LAKE STEVENS — Ken Collins thought he’d be a lifelong football coach, much like his father.
It didn’t exactly happen that way.
He started in the Lake Stevens School District about 30 years ago. In that time he has been a coach, teacher, principal and administrator.
Now he’s next in line to become superintendent, taking over for Superintendent Amy Beth Cook. She is set to retire at the end of the school year after 38 years in the district, with the past 10 at the helm.
Collins, 61, grew up in Cashmere, east of the Cascade Range. Both of his parents were teachers, and his father Jack Collins was a longtime football coach for Cashmere High School. He’s in the Washington State Football Coaches Association Hall of Fame.
Ken Collins graduated from Washington State University. The New England Patriots selected him to play linebacker with the 197th overall pick of the 1982 NFL Draft. A couple of years later he was out of the NFL and began to teach at Marysville Pilchuck High School. He also worked there as an assistant football coach.
Around that time he earned a master’s degree in administration from Central Washington University.
He was hired at Lake Stevens in 1990 as a head football coach and continued to teach subjects such as social studies and U.S. history.
Years later, in 2004, he became assistant principal of Lake Stevens High School. That school year he continued to coach, but soon after decided to focus on his new position in administration.
He was named principal of Lake Stevens High School the next year, where he stayed until 2011. He then started working as assistant superintendent of human resources, and now has been assistant superintendent of teaching and learning for the past two years.
He received his doctorate in education from the University of Washington in 2018.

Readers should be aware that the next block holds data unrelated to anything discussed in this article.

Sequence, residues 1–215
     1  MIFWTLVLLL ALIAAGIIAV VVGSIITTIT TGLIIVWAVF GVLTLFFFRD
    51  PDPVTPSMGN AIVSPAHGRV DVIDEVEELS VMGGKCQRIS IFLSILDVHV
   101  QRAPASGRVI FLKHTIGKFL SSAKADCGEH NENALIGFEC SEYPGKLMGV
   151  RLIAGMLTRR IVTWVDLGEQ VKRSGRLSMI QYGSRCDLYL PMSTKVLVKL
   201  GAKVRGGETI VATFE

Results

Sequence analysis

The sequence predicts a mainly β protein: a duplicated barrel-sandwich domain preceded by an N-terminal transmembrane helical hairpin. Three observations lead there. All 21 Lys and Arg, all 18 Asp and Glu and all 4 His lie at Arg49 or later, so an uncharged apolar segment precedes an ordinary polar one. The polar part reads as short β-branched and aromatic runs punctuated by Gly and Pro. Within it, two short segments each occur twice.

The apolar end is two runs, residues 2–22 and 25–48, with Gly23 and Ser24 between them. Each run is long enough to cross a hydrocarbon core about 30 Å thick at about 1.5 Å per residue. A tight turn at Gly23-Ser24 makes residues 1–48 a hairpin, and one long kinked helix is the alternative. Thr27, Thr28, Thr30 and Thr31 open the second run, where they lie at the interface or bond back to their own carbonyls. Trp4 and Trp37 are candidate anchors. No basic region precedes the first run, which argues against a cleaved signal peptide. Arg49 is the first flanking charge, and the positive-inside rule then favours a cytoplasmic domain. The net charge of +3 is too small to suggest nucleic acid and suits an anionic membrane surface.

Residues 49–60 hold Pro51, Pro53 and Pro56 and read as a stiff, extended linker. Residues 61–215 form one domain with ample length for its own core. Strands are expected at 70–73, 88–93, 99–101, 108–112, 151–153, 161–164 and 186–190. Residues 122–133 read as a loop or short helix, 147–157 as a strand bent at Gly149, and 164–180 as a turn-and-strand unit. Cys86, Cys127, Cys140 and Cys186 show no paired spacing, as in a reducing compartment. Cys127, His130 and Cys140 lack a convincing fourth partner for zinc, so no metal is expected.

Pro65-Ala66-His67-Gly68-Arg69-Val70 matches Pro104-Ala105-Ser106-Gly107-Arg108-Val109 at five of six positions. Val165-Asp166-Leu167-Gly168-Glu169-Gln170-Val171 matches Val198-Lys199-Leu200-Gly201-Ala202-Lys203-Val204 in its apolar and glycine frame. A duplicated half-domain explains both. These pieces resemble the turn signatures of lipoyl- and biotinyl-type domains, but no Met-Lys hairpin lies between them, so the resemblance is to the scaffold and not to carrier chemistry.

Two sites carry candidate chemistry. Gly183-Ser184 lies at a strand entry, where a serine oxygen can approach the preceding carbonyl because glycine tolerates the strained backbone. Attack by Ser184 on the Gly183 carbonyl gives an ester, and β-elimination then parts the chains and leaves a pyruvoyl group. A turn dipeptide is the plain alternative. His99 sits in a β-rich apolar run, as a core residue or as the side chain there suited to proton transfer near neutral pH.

“I hate to admit I went to the U-Dub in any way, shape or form,” he said with a laugh, “but that was a really great program that focused on equity and inclusion and equitable educational practices. So it was a great way for me to prepare for this next role.”
A few months ago, Collins learned Cook planned to retire. He let the school board know he was interested in taking over.
The board thought Collins would be a great fit, but still took its time to think about it, school board President Mari Taylor said. In the end the board concluded that Collins was the right choice, without having to go through a big national search.
“Ken’s whole heart and soul are here,” Taylor said.
Both Collins and Taylor look forward to moving on from the pandemic.
“I think one of the things I’m most excited to work on is thinking about disparities and inequities that have really come to the surface as we have moved through COVID,” Taylor said. “ … We have learned so much, and there’s potential to build on that resiliency as we come out of this.”
Collins expects the district may have to find different ways to teach students, as things likely won’t go back to exactly how they were before the pandemic.
The past year has shown that school systems can change quickly, he said.
He also hopes to address equity, diversity and inclusion in the district.
“It starts with making sure we are diverse in our hiring practices, and that’s something we definitely need to work on,” Collins said. “Our students need to see teachers who look like them who have the same kind of cultural diversity as them.”
Collins’ first day on the job is July 1.
Stephanie Davey: 425-339-3192; firstname.lastname@example.org; Twitter: @stephrdavey.